There are many well-known functions (such as $x^x$) which have no closed-form integral. However, are there any elementary functions whose derivatives cannot be expressed in a closed-form manner?

  • $\begingroup$ Is $x^x$ an elementary function? $\endgroup$
    – Hui Yu
    Dec 20, 2012 at 1:36
  • 7
    $\begingroup$ All elementary functions have derivatives. Compositions and arithmetic operations have rules for derivatives. Consequently all elementary functions have closed-form expressions for derivatives. $\endgroup$
    – copper.hat
    Dec 20, 2012 at 1:38

2 Answers 2


If $f(x)$ is built out of the "usual" functions (rational functions, exponentials, logarithms, trig, inverse trig) using addition, subtraction, multiplication, division, or composition, then $f'(x)$ is also.

The proof is on induction on complexity. For the base case, all of "easy" functions work: If $f(x) = x$ or $e^x$ or $\ln x$ or $\sin x$ or $\operatorname{trig}(x)$ or $\operatorname{arctrig}(x)$ (where "trig" stands for one of the 6 trig functions), then $f'(x)$ is elementary.

Next, suppose $f(x)$, $f'(x)$, $g(x)$, and $g'(x)$ are all elementary.

Is $f(x) + g(x)$ also elementary? Yes because $(f(x)+g(x))' = f'(x) + g'(x)$ is a sum of elementary functions, hence is elementary. The same argument works for subtraction.

For multiplication and division, use the product/quotient rules. For composition, use the chain rule.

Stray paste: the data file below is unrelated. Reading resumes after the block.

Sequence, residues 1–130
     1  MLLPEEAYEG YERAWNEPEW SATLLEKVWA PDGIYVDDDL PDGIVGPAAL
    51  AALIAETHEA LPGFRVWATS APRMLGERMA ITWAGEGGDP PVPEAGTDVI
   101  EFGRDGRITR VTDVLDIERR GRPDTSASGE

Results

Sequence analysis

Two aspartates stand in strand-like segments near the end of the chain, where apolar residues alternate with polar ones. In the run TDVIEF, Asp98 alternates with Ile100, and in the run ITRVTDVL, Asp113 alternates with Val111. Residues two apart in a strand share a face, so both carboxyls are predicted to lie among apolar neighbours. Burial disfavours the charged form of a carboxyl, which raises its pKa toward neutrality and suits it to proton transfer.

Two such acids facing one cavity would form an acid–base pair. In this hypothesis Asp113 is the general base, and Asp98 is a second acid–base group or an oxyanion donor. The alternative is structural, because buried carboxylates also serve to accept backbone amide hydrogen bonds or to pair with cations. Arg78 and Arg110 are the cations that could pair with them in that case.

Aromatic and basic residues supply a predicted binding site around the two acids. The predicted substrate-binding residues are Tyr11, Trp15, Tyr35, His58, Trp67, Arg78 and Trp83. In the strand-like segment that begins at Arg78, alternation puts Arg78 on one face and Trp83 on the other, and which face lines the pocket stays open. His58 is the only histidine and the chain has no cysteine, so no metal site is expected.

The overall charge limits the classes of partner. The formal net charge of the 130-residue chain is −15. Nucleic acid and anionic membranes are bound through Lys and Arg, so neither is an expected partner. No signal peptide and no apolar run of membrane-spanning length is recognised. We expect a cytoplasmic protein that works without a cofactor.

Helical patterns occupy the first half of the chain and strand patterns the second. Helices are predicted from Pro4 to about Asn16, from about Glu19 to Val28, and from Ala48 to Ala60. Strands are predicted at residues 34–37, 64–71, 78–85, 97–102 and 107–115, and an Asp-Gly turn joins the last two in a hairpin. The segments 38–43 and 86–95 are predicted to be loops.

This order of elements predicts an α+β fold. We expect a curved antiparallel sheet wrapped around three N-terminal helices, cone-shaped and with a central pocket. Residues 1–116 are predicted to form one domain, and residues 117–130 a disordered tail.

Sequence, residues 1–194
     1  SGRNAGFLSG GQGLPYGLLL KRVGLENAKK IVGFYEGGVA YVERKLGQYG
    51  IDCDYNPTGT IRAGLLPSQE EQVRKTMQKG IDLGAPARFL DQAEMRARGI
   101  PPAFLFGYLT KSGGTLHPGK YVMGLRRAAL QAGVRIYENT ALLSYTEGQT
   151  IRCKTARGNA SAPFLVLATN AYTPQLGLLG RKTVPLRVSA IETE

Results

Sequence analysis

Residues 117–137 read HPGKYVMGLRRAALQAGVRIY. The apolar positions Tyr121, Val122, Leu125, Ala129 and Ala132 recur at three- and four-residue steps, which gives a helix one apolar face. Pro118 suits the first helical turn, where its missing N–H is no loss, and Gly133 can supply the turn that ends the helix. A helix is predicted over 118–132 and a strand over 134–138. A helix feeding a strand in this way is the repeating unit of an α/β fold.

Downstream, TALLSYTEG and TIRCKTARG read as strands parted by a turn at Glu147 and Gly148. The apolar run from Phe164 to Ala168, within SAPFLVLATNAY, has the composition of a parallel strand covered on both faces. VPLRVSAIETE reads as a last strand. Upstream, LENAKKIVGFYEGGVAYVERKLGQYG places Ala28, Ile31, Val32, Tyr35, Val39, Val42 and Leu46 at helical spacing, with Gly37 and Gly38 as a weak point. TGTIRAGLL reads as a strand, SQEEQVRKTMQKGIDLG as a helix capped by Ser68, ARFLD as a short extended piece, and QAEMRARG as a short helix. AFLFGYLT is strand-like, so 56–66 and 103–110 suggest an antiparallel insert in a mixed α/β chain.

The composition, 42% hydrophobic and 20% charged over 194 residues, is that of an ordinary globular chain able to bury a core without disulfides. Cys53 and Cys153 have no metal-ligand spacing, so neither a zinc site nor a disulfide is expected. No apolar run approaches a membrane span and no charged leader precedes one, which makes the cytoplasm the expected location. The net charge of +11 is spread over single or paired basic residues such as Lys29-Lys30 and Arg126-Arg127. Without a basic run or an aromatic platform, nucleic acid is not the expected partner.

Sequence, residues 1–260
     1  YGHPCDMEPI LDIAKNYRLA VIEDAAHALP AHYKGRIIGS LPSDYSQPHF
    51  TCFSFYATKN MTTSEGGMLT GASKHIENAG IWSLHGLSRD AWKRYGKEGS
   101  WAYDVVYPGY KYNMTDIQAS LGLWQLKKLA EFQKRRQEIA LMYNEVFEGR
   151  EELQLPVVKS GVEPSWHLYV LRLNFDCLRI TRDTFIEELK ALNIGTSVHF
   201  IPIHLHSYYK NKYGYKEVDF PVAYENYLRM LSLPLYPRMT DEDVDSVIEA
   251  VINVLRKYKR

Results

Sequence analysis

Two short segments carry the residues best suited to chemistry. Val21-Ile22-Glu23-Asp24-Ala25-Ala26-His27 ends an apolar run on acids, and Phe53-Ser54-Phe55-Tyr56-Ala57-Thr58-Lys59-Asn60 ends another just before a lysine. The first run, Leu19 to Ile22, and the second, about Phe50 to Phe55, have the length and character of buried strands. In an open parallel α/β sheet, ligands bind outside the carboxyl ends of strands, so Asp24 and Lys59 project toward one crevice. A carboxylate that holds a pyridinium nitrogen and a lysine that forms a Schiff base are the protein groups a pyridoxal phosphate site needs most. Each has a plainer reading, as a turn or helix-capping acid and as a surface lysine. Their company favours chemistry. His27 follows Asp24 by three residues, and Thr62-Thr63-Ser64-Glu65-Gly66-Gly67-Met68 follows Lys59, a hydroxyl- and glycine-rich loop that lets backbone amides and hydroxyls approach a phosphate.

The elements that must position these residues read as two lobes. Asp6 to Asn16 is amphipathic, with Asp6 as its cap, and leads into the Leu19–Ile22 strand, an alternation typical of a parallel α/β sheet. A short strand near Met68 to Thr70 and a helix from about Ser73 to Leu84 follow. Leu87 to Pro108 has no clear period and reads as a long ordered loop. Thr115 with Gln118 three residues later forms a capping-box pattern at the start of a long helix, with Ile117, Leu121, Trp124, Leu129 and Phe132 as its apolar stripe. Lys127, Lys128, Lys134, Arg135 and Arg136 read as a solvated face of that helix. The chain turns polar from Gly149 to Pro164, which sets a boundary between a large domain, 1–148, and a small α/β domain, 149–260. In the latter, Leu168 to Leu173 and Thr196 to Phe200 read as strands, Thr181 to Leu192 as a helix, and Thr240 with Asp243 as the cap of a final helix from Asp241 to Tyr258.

Then, e.g., composition works as follow: $f(g(x))' = f'(g(x))g'(x)$. But $f'(g(x))$ is elementary because $f'$ and $g$ are and elementary things are closed under composition. Further, $g'(x)$ is elementary by assumption. So, $f'(g(x))g'(x)$ is a product of elementary functions, hence elementary.


The elementary functions are generated by applying finite numbers of algebraic functions (algebraic operations), $\exp$ and/or $\ln$. The derivatives of all of these functions are in closed form, and chain rule gives derivatives in closed form. All algebraic functions can be differentiated by applying sum rule, product rule and chain rule. Therefore the function expressions of the elementary functions are closed under differentiation. That means the derivative of each differentiable elementary function has a representation in closed form.

The same holds for repeated differentiation (higher derivatives). There are higher sum rule, higher product rule (General Leibniz rule) and higher chain rule (Faà di Bruno's formula).


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